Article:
In this short biography of Margaret Sanger (128 pages), George Grant lays bare the grotesque figure of the character of the woman who is the founder of Planned Parenthood and the modern abortion industry. I had already been committed against abortion due to my Christian convictions on the sanctity of life from womb to tomb, however, this chilling biography helped me see the demonic and dark origins of our modern-day practice of child sacrifice. Far from being the patron saint that our liberal media can portray Sanger as this biography exposes the evil works of darkness (Eph 5:11). Grant shows her vile home life, the promiscuous sexual lusts that drove her, the demonic ideologies she held to (such as Malthusian eugenics, racism, and Marxism) and the twisted circles she courted. This book exposes the true origins of the abortion industry that needs to be known – that it was racist and anti-human and anti-Christ from the start.
You can listen to my podcast episode based on this book: Abortion’s Killer Angel – The Dark Story of Planned Parenthood’s Margaret Sanger. You can also find a FREE PDF version of this book via Gary North’s site.
#10 The Vision of the Anointed: Self-Congratulation as a Basis for Social Policy
While Thomas Sowell is not a Christian (or at least not overtly so if he is), I have benefitted much from his writings and insights as a world-renowned economic thinker. In The Vision of the Anointed: Self-Congratulation as a Basis for Social Policy he gives a devastating critique of the arrogant mind-set behind many of the global elites who set have set failed social policies for the past three decades. He points out that this is not accidental but rather a result of a warped vision of reality and wrong-headed ideologies which end up leading to more crises in education, crime, family and politics. The global elites and politicians fancy themselves to be an “anointed” class who know better for the common man and take liberties to make decisions on his behalf. However, they are often so detached from reality that their inane policies never affect them as they pontificate about their own virtue in their ivory towers. Sowell brings a sledgehammer to break up those delusions and help people see what is happening.
This is an important read for those who want to understand why our societies are so messed up and many of our political leaders seem so out of touch. Another great book that I read by Thomas Sowell last year that deals with the question of accusations of systemic racism in the US was Discrimination and Disparities. It is also a worthy read for anyone wanting to wrestle honestly with the facts.
BONUS: Apocalypse Never: Why Environmental Alarmism Hurts Us All
Well, if you’ve been reading my blog for any amount of time, you know that I can’t stick to number limits on lists… lol
Apocalypse Never: Why Environmental Alarmism Hurts Us All by Michael Shellenberger was a last-minute add to this list of a book I just recently finished on audio. It was very well-researched and full of stories exposing the corruption behind much of today’s Climate Alarmism. This is interesting coming from Shellenberger who is himself a lifelong environmental activist who has been fighting for a greener planet. He comes out of the extremist end of the Climate debate, having once also bought into the alarmism of the global climate apocalypse which is peddled by many in mainstream media (e.g. Greta Thunberg). Shellenberger shows by laying out the facts that the media decides to ignore and many remain ignorant of that carbon emissions are not as big a deal as we’ve been sold and have actually been on the decline in most developed nations. He critiques the insane policies of Climate Alarmists, such as the “net zero” goals of the Green New Deal and shows how it is a distraction from the real issues we should be focused on – such as poverty – and how these policies end up hurting the most vulnerable. He also exposes some of the ideologies behind these misdirected goals – such as a commitment to depopulation based on Malthusian thought. He gives a hopeful outlook for the future of our planet and proposes reasonable solutions (such as nuclear power) to the actual climate and environmental problems.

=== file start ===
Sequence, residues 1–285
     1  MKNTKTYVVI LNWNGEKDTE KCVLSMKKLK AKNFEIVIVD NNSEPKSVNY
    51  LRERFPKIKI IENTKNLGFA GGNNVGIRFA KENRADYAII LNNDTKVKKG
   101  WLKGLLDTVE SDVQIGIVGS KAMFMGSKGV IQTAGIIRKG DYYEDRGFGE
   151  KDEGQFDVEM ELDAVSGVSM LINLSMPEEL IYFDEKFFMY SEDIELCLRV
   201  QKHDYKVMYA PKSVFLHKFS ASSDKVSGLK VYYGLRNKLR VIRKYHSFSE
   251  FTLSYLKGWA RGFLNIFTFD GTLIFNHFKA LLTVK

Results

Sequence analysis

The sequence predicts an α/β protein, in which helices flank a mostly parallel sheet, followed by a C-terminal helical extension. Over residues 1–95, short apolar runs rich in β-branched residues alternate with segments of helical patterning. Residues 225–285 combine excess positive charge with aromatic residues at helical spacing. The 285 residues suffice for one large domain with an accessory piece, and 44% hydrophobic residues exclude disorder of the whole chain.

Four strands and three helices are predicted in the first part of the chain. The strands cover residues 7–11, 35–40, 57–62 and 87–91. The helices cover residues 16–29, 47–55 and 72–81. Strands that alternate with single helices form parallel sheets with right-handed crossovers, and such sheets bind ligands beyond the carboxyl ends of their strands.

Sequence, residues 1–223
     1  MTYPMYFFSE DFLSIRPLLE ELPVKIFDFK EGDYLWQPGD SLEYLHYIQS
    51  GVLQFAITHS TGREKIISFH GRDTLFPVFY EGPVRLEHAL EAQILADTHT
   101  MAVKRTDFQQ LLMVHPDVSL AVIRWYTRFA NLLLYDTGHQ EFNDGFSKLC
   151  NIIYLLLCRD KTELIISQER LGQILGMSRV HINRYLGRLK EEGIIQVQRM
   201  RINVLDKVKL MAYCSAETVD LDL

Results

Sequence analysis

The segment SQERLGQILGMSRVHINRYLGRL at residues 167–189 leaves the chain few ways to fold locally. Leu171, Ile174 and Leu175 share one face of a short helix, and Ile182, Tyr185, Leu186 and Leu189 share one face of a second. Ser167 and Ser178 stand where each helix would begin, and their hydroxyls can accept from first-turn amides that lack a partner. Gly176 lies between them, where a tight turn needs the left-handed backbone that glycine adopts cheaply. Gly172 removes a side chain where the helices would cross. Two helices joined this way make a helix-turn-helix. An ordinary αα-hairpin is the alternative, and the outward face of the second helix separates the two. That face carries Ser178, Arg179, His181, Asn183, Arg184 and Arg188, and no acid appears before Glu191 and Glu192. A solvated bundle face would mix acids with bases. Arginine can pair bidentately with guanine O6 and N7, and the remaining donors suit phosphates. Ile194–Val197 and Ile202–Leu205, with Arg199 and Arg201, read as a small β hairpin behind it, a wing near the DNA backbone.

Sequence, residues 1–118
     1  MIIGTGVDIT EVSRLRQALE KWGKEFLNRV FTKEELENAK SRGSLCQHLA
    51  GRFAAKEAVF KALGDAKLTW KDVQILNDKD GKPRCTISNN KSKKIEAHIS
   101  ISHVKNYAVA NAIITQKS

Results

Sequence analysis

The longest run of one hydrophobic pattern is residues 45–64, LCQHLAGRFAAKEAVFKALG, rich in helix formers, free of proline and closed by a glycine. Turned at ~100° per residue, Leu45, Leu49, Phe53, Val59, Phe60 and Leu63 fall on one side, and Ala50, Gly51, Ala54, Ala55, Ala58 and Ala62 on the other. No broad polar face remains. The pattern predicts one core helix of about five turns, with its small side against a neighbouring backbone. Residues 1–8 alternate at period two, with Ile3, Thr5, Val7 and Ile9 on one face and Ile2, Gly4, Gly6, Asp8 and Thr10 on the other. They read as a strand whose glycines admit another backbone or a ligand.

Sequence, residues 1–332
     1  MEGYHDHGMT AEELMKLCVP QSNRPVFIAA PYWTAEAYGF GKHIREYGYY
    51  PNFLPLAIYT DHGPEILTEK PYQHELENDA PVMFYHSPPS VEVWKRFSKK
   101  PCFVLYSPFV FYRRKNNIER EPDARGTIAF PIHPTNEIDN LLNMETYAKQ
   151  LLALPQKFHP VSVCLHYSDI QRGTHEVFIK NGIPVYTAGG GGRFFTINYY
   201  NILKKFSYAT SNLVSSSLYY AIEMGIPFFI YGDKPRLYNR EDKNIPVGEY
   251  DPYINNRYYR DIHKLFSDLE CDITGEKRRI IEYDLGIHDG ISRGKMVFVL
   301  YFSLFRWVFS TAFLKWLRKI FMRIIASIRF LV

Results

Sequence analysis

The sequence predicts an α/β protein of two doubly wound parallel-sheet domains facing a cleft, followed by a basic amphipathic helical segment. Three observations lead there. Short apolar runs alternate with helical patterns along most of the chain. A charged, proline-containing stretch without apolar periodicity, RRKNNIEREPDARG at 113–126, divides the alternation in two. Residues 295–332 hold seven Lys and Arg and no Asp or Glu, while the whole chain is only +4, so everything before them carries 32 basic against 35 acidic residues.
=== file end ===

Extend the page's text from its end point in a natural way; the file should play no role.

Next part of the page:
While this book is not written from a Christian worldview, I did find its analysis and data helpful in understanding the issue more. I think that this topic will become more and more important for Christians to become educated on since it seems like the global elites of the WEF are set on making it the next “scamdemic” to seize more control. Regardless though, even if not, it is something that has already been making its way into our political policies, carbon taxes and laws, and many companies which have ESG systems. Christians would do well to read up on the issue and become more informed in order to reflect Biblically on the topic.
Well, I hope that you’ve found some helpful suggestions here!
If you’re able to, please consider donating to help continue to grow the ministry of THEOTIVITY as I seek to provide helpful resources and equip Christians to live out their faith through creativity and culture.